I recently spoke to a group representing a good cross-section of the seed industry. I prefaced my remarks by saying I know absolutely nothing about running a seed business, but I believe their lives running seed businesses will get much more interesting and perhaps challenging over the next 10 years.
I have mentioned in several articles that for the foreseeable future we have four weed control bullets left in the chamber — glufosinate in LibertyLink, dicamba in Roundup Ready Extend, 2,4-D in Enlist and the HPPD herbicide trait. All of these weed control technologies go through the seed industry. I told the group that like it or not, their future would be determined by weeds and trying to figure out what the weeds would be doing — where herbicide resistance would be three to five years into the future.
It is not really a new thing for weed control to be tied to the seed industry. However, for 15 years it was all Roundup Ready, so we really didn’t notice it. Now it will be different and it began with the introduction of LibertyLink and will get even more complex in the future.
I vividly remember — in the early days of the development of Roundup Ready — a discussion I had with some university colleagues from different disciplines. I commented that if they did not incorporate Roundup Ready into their breeding programs and research in other disciplines such as disease management as soon as possible, that their research would be obsolete. One looked over his glasses at me and said, “Ford, farmers will never make variety selection choices based on an herbicide.” My response was, “I believe you are fixing to be run over by a freight train with a big red M on the front.”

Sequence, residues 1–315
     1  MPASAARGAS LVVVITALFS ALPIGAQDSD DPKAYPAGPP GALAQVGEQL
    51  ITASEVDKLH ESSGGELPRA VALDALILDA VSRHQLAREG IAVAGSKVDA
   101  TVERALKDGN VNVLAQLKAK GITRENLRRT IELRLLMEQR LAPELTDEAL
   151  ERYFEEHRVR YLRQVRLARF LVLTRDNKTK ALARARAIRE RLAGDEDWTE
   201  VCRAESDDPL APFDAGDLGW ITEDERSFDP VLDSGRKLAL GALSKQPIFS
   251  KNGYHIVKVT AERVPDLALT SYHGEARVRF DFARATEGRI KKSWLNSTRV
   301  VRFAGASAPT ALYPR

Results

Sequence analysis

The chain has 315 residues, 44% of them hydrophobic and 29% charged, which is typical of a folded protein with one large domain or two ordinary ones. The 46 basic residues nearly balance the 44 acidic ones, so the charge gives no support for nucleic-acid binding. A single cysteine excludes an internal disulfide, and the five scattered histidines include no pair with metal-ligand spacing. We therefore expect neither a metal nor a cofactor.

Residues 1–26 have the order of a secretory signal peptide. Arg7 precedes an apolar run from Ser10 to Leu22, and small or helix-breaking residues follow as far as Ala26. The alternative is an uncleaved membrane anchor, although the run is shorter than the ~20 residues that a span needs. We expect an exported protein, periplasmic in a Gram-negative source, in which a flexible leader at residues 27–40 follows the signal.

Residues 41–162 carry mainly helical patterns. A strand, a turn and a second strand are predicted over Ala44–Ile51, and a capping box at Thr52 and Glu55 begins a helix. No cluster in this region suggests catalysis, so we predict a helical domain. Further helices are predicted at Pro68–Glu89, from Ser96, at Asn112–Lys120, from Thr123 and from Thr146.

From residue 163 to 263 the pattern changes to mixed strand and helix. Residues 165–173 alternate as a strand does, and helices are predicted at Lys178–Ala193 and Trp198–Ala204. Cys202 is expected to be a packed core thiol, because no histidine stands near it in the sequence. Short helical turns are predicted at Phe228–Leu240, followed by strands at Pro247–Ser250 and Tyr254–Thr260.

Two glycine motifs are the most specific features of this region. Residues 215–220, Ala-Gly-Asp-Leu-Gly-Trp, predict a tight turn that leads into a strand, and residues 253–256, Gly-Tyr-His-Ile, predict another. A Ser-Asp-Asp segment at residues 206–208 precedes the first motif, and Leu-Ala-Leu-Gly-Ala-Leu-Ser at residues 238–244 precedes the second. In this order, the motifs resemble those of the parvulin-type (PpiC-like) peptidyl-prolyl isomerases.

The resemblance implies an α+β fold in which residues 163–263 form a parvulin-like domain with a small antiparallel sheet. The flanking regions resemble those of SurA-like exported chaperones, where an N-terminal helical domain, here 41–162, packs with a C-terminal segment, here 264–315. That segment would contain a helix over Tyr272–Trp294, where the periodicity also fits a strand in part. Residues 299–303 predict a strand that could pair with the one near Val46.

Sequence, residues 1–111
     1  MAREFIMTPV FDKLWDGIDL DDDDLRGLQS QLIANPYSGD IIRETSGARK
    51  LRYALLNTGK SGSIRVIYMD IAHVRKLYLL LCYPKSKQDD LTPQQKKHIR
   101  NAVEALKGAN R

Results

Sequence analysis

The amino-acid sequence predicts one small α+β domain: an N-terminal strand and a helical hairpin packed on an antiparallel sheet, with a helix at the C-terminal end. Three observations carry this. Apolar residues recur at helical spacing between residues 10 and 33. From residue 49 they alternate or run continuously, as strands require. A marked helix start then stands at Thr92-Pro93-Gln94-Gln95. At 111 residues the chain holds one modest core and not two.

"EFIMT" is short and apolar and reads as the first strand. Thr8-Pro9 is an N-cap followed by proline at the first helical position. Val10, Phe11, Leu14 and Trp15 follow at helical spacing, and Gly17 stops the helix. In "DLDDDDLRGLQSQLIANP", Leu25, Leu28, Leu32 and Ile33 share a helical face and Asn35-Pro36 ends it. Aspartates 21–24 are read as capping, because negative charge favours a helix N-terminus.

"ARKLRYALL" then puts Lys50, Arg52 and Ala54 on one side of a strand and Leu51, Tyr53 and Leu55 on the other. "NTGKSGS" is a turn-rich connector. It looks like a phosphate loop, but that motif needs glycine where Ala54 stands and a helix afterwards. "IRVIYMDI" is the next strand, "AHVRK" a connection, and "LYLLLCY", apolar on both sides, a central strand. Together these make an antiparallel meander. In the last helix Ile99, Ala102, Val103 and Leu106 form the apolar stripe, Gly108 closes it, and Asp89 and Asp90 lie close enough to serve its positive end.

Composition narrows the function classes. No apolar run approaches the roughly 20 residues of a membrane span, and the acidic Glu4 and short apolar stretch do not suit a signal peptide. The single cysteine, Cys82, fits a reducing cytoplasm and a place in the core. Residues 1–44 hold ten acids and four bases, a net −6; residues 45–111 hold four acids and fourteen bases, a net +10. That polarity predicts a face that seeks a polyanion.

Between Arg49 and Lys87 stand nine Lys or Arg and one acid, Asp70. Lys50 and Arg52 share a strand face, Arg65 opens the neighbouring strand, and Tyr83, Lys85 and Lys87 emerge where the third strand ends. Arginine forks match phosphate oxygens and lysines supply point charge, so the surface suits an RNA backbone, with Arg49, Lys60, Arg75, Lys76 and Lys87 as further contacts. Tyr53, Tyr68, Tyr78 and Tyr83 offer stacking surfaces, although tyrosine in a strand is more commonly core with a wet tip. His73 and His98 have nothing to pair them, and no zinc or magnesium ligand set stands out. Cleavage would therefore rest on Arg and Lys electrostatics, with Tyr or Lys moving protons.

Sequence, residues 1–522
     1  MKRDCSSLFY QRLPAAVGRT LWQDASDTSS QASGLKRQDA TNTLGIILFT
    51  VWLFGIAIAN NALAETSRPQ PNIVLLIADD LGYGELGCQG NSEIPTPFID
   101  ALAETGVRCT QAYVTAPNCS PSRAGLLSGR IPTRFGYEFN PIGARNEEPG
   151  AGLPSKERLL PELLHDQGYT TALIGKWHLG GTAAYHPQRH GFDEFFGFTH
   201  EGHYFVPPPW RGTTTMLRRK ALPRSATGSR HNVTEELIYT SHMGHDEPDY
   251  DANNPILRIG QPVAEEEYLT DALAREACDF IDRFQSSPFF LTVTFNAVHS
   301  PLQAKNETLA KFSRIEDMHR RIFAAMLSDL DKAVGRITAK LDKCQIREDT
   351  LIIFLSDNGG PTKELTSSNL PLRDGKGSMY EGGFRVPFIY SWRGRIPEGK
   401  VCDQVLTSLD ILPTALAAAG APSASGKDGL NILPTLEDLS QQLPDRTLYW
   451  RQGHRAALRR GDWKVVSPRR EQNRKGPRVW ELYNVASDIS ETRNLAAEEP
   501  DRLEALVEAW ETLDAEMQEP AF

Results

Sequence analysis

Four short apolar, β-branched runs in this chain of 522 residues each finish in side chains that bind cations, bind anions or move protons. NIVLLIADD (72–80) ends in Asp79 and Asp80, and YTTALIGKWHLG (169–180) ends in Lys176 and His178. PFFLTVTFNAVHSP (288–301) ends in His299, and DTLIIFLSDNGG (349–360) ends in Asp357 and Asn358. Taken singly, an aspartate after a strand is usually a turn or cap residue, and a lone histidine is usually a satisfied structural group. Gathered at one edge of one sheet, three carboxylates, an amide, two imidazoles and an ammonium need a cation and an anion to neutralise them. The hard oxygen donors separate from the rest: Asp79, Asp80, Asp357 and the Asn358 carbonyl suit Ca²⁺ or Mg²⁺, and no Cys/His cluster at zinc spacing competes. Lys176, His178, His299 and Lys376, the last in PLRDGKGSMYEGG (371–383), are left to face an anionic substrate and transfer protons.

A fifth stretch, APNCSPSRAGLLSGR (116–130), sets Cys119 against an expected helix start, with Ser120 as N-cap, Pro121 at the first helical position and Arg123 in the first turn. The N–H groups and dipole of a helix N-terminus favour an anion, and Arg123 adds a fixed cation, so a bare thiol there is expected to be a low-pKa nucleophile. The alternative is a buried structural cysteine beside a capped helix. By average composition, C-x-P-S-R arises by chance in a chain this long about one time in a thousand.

I was also told the same thing along about that same time at the Brighton Conference in England in front of about 1,000 folks — none of whom spoke Southern. I gave them the same warning. They were still trying to figure out what I said when the meeting was over, but I do not think it took them too long to figure it out.
As a weed scientist I have always believed that choice of variety was the single most important decision in growing a crop. The variety is going to set the yield potential, and my job as a weed scientist is to help insure that weeds do not take anything away from that potential. However, if you cannot control the weeds, the wheels come off the entire production system.
When Roundup Ready came along, weed control was so far superior to what we had that the wholesale switch was a no-brainer. As quickly as Roundup variety development allowed, the entire seed industry transitioned from conventional varieties to Roundup Ready varieties.
Fast forwarding to 2012, glyphosate resistance has changed everything. Of the four technologies mentioned earlier, each company will present a very compelling argument for their technology being superior. However, the general consensus of the weed scientists I run with is that none of the four will be superior, but all four will be good tools in certain situations.
The bottom line is expecting any of the four new technologies to be what Roundup Ready once was is wishful thinking. As stated in previous articles, I believe how we use these four remaining technologies will determine whether or not we have any herbicide technology left in 10 years.
I do not believe the major companies will be able to come together to support each other’s technology in a diversity program. However, I believe the seed industry can. I have had several calls from seed companies in the past year asking my opinion on which technology will win. My response is you had better diversify just as we are recommending farmers to diversify. I believe trying to out-guess the weeds five years from now will be impossible.